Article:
Tech Talk Responds: If someone has physical access to your computer, the password can always be bypassed or reset using well known techniques. You simply need to be able to boot using the CD. You can open another operating system or execute a password reset program. So a strong password in this case, actually does not make much difference.
On the other hand, if you computer is configured to accept remote access (using Windows Remote Desktop), then password strength is essential. Since your computer can be accessed directly over the Internet, hackers can and will try to gain access to your machine using a common protocol or technology. You should turning off remote access for administrative login accounts or any account that doesn’t need it.
A safer way may be to use a VPN to access your computer. But then your VPN password needs to be strong.
Profiles in IT: Janie and Victor Tsao
Janie and Victor Tsao co-founded Linksys, a company which produces home networking devices including wireless routers.
Victor Tsao was born in 1948 and Janie in 1951, both in Taiwan.
Victor earned BS in computer science and Jamie earned a BA degree from the University of Tamkang in Taiwan. They met and married in college.
They immigrated to the US in 1968 after completing their undergraduate degrees.
Victor earned MS in computer science from Illinois Institute of Technology in 1980 and an MBA from Pepperdine University.
Victor worked in a number of IT related jobs with Santa Fe International, TRW, Kraft, and Montgomery Ward.
From 1985 to 1991, he was Director of MIS Strategic Systems Dev. for Taco Bell.
Janie was a systems analyst for TRW and a systems manager for Carter Hawley Hale.
In 1988, Janie and Victor decided DEW International, in their garage in Irvine, CA.
Since Victor kept his job with Taco Bell. Janie quit her job to launch the company.
The new company mated American vendors with Taiwanese manufacturers.
One manufacturer proposed a way to connect multiple computers to multiple printers.
They renamed the company Linksys and began marketing the product.
Victor quit his job in 1991 and within two years Linksys had moved twice, eventually to a 2,000-square-foot office and selling 8,000 Multishares per month
Victor served as CEO and President and managed operations and finances, while Janie handled sales in her job as vice president of business development.
In these early years, the Tsaos invested $7,000 in Linksys, the only capital the company required until it tapped a bank loan for the one and only time, in 2001.
Linksys slowly expanded from printer-to-PC connectors to PC-to-PC Ethernet hubs, cards, and cords. By 1994, home networking revenue had reached $6.5 million.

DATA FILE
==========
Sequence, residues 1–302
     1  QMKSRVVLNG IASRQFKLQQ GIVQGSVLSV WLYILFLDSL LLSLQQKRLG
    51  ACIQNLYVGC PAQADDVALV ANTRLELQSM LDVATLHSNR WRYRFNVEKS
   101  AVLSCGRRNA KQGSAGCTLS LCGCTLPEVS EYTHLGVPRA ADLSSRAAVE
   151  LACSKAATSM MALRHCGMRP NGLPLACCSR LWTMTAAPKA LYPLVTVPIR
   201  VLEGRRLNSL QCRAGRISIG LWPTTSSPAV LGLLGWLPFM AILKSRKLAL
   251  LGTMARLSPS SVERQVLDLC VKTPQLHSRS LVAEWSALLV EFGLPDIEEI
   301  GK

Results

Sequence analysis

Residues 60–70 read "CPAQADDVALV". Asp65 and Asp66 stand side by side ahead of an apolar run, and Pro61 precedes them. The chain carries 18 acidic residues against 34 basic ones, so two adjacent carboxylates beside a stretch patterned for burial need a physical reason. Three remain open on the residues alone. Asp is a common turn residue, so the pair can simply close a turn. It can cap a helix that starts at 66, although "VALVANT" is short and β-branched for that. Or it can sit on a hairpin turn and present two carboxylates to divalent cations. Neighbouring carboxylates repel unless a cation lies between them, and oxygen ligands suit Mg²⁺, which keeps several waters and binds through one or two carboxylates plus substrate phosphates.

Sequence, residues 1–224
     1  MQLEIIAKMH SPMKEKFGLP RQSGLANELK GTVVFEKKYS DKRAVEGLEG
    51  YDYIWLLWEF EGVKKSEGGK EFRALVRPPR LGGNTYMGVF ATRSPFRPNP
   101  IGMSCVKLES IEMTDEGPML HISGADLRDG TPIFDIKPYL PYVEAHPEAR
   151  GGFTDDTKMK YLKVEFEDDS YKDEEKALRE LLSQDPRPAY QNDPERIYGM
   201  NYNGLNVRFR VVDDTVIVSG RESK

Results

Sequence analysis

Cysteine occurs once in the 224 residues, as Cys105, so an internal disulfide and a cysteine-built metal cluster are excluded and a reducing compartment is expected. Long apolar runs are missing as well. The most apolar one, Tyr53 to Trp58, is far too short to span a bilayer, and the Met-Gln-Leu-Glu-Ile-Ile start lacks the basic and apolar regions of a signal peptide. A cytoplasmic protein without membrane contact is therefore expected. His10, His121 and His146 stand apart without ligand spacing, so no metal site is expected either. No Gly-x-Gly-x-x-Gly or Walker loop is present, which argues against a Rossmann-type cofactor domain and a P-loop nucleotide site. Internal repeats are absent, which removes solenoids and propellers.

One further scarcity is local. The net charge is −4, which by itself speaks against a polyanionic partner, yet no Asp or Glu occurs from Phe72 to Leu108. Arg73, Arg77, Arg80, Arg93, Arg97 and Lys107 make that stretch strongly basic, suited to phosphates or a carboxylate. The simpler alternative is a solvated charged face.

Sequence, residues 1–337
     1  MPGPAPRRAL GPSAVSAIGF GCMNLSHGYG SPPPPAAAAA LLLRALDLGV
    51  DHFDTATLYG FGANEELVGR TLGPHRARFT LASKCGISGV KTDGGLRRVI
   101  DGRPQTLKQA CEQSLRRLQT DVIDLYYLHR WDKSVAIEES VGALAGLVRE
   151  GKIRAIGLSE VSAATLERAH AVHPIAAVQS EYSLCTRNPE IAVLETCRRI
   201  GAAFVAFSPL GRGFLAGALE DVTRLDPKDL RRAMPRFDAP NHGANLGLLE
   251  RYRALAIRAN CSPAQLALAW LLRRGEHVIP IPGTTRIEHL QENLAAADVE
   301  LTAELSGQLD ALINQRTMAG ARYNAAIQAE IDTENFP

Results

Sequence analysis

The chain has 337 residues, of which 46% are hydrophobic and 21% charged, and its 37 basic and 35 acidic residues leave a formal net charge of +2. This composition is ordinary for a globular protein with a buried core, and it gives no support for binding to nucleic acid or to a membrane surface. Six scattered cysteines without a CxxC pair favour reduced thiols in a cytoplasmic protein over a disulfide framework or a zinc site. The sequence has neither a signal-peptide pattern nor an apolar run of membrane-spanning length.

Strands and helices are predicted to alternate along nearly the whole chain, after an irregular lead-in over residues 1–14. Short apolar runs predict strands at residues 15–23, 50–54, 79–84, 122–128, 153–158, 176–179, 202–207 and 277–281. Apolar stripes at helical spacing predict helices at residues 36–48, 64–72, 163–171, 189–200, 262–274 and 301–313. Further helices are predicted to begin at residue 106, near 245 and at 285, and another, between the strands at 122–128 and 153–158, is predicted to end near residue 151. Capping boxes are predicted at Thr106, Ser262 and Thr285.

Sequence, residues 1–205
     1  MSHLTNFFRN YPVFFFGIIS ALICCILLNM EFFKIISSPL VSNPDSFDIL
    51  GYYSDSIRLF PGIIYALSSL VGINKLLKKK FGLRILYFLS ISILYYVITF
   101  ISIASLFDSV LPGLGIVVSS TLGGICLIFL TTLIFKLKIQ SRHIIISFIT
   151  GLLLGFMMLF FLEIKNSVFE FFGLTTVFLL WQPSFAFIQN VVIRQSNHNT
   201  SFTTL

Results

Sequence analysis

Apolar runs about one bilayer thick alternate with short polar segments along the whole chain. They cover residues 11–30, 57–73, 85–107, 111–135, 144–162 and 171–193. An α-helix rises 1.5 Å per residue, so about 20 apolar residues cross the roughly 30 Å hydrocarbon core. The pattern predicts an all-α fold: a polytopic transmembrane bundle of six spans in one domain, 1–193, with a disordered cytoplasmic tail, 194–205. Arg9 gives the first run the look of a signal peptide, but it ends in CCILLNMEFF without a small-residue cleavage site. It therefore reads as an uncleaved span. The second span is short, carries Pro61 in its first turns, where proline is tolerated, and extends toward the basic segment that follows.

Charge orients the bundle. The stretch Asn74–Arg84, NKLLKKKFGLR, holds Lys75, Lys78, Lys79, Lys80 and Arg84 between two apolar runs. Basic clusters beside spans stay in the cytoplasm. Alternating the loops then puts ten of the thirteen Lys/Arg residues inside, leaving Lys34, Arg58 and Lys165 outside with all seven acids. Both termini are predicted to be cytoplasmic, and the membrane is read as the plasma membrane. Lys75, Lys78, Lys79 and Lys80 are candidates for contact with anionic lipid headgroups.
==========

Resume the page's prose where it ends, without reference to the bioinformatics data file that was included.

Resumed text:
Victor worked 100 hours a week, with occasional naps on the office floor.
Victor drew no salary until the mid-’90s. The couple and their two boys got by on Janie’s Linksys salary of $2,000 a month.
When MS moved from Win3.1 to Win95, home networking exploded.
Janie expanded to retail stores like Fry’s Electronics Best Buy.
Revenue doubled to $21.5M in 1996, $32.1M in 1997 and $65.6M in 1998.
With broadband, consumers wanted to link multiple computers to the Internet.
Victor ordered a $199 four-port router with an easily configured firewall.
Revenue went from $107.6 million to $206.5 million.
They were named Ernst and Young Entrepreneurs of the Year in 1999.
In Jan 2001, Linksys launched Wi-Fi (802.11b) wireless routers and computer cards.
Linksys revenue and market share jumped to $346.7 million and 34.2%, respectively.
In Dec 2002, Linksys launched its 802.11g products using draft standards, beating its competitors by three months. It sold 300,000 units in the first two months.
Cisco contacted the Tsaos in fall 2002 and a deal was announced in March 2003.
Cisco agreed to pay $500M in stock for the company. Linksys had 305 employees.
As part of the deal, the Tsaos agreed to stay on for two years and Cisco agreed to let the company remain a standalone unit.
Netflix Largest Source of Internet Traffic In North America
Netflix video streaming is now the single largest source of peak downstream Internet traffic in the U.S., according to a new report by Sandvine.
The streaming video service now accounts for 29.7 percent of peak downstream traffic, up from 21 percent last fall.
That puts Netflix above HTTP websites (18 percent), BitTorrent (11 percent), and YouTube (10 percent) as a source of downstream traffic during peak times in North America.
BitTorrent still accounts for half of all upstream traffic.
Rreal-time entertainment (which includes both video and music streaming) accounted for 49 percent of downstream traffic in March, 2011, versus 19 percent for P2P file sharing, and 17 percent for Web browsing.